[2] That "to become afraid" signifies such disturbance and turning away will be seen below. In the first place, let something be said about those who are meant by "the rest that became afraid and gave glory to the God of heaven," as being not merely natural, but also to some extent spiritual. For when from those who are merely natural the truths of good that resided in their externals are taken away, they are not disturbed by the influx of falsities and evils from hell, still less do they turn away; for their proper thought and will, which has been interiorly concealed with them, consists of mere falsities and evils therefrom and of evils and falsities therefrom; and when they are in these they are enraged against truths and goods, and thence are eager to destroy them. This is why the evil, when they are no longer in externals, are not afraid of evils and falsities, or even of hell, for these belong to their love, consequently to the delights of their life. But it is not so with those who are also spiritual; these are disturbed in mind and become afraid when they are infested by evils and falsities, which takes place when they are among the evil; for they fear the loss of their spiritual life, respecting which they are disturbed in mind and are alarmed, and supplicate the Lord for aid, and turn themselves away from the evil.

[3] When societies in the spiritual world are purified, which takes place whenever those who are evil, especially hypocrites, have insinuated themselves into them, and mingled themselves with the good there (the signs of whose presence are an obscuration of the understanding, a loss of the perception of good, a dullness of the affection of truth, and the like), then influx is let in from hell, at which the evil rejoice, but the good are disturbed in mind, and turn themselves away; thus there is a separation, and those who become afraid and turn themselves away are preserved, while the rest are cast out. Thence it is clear why it is that it is said that some "became afraid," and why this signifies the disturbance of mind and turning away of those who are to some extent spiritual.

[4] In the Word "to become afraid," "to be dismayed," and like expressions are often used in reference both to the good and to the evil, and "terror" and "dismay" signify a state of the mind disturbed and changed by an imminent or visible danger to the life; but this is one thing with the good and another with the evil; with the good it is a disturbance of mind and a change of state from imminent and visible danger to the soul, but with the evil it is from imminent and visible danger to the life of the body. This is because the good regard the life of the soul and not so much the life of the body as the chief and final thing, while the evil regard the life of the body and not so much the life of the soul as the chief and final thing; in fact, the evil do not in heart believe in that life, and such as do believe still love only the things that are of the body, such as the appetites and pleasures of various kinds. But with the good the reverse is true.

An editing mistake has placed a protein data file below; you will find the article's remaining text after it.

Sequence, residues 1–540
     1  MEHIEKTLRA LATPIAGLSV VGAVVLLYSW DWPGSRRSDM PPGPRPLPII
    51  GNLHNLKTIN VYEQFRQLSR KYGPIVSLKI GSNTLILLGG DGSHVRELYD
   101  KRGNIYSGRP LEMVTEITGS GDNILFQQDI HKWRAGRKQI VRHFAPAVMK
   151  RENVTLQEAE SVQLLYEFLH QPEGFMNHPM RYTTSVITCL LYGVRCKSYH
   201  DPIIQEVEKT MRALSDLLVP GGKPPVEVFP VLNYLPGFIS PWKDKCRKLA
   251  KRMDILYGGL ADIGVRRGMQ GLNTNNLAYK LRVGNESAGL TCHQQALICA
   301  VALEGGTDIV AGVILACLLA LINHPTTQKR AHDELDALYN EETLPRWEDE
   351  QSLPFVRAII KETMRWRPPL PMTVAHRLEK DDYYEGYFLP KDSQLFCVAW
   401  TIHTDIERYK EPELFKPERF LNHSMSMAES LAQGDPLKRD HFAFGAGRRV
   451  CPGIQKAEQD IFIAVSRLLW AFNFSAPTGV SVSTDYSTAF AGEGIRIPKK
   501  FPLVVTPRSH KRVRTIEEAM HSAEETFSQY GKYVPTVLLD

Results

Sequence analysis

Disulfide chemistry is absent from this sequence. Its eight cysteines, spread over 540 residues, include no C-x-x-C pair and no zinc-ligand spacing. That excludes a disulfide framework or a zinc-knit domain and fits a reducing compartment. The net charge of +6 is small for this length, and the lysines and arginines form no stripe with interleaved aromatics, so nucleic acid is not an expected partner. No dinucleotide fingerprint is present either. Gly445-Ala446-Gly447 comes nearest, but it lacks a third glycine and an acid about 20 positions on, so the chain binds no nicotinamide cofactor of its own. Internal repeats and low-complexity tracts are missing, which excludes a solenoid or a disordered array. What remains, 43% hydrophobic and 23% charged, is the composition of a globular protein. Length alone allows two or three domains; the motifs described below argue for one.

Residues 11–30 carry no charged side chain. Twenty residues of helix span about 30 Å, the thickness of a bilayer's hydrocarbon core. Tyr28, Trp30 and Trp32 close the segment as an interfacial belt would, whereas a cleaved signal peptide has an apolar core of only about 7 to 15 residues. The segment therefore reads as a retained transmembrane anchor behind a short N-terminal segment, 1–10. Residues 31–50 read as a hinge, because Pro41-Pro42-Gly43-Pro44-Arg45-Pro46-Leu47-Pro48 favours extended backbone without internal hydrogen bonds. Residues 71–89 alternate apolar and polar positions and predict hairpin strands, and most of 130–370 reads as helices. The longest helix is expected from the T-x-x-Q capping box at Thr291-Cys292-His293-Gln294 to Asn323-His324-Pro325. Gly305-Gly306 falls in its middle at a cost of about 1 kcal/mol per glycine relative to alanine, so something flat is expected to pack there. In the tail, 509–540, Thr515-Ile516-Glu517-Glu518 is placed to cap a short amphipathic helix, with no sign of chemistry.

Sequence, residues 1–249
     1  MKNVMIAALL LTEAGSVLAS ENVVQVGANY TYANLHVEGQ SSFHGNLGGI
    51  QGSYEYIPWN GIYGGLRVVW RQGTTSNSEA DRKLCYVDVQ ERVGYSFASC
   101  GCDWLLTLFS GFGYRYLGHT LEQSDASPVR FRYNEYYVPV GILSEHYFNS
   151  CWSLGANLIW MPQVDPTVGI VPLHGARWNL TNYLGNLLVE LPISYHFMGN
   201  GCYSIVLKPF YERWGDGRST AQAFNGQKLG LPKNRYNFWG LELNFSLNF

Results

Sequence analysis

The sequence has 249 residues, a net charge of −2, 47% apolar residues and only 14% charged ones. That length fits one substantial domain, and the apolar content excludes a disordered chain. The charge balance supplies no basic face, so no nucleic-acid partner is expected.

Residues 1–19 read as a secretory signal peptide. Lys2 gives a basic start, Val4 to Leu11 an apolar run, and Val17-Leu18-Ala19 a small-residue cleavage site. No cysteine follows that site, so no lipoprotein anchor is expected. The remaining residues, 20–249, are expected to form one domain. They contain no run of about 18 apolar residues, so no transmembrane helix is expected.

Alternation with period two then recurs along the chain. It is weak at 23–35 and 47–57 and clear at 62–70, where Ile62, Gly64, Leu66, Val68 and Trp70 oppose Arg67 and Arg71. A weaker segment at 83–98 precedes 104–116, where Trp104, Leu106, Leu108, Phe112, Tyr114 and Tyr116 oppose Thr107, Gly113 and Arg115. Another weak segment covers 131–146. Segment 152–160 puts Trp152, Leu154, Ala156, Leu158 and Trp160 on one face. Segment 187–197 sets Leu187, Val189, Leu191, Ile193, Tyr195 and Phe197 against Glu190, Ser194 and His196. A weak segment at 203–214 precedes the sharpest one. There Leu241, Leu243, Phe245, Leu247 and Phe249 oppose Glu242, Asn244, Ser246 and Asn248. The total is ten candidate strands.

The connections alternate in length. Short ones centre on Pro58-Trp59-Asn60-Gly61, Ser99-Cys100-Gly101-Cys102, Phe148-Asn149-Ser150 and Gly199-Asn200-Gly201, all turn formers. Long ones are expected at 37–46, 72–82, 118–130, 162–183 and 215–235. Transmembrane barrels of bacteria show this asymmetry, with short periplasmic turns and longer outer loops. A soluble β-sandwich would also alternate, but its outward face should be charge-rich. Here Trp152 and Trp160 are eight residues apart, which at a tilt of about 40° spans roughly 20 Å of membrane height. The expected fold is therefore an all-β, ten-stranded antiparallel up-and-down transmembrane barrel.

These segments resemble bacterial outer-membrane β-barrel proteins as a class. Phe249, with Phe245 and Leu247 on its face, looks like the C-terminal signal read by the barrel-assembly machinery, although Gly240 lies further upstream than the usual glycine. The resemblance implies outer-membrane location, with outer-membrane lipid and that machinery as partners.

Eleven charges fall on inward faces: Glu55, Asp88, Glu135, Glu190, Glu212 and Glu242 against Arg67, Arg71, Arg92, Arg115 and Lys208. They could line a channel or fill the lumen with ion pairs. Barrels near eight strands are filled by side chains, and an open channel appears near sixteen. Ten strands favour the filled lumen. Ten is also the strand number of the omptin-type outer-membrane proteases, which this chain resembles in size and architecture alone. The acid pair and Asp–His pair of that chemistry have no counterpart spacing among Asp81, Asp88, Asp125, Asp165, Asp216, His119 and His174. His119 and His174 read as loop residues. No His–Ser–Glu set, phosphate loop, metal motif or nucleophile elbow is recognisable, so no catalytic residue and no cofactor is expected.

[5] To make clear that "to become afraid," "to be dismayed," "to dread," and the like, signify to be disturbed in mind from a change of state of the interiors, I will cite some passages from the Word by way of confirmation. In David:

My heart is agitated in the midst of me, and the terrors of death have fallen upon me; fear and trembling are come upon me, and horror hath covered me (Psalms 55:4, 5).

This is said of temptations, in which evils and falsities break in from hell and inspire terror in regard to damnation; for as has been said above, the good become afraid and tremble on account of imminent dangers to the soul, thus from the invasion of evils into the thoughts and intentions of the will. Thus there are various disturbances of mind that in particular are signified by "agitation of heart," "terrors of death," "fear," "trembling," and "horror," which are here mentioned according to the order of their succession.

(References: Psalms 55:4-5)


[6] In Isaiah:

The islands came 1 and feared, the ends of the earth were agitated, they drew near and came (Isaiah 41:5).

This is said of the Lord's coming; and "the islands and ends of the earth" mean the Gentiles that are remote from the truths of the church; and their "fear and agitation" signify disturbances of mind from fear of being destroyed.

[7] In Ezekiel: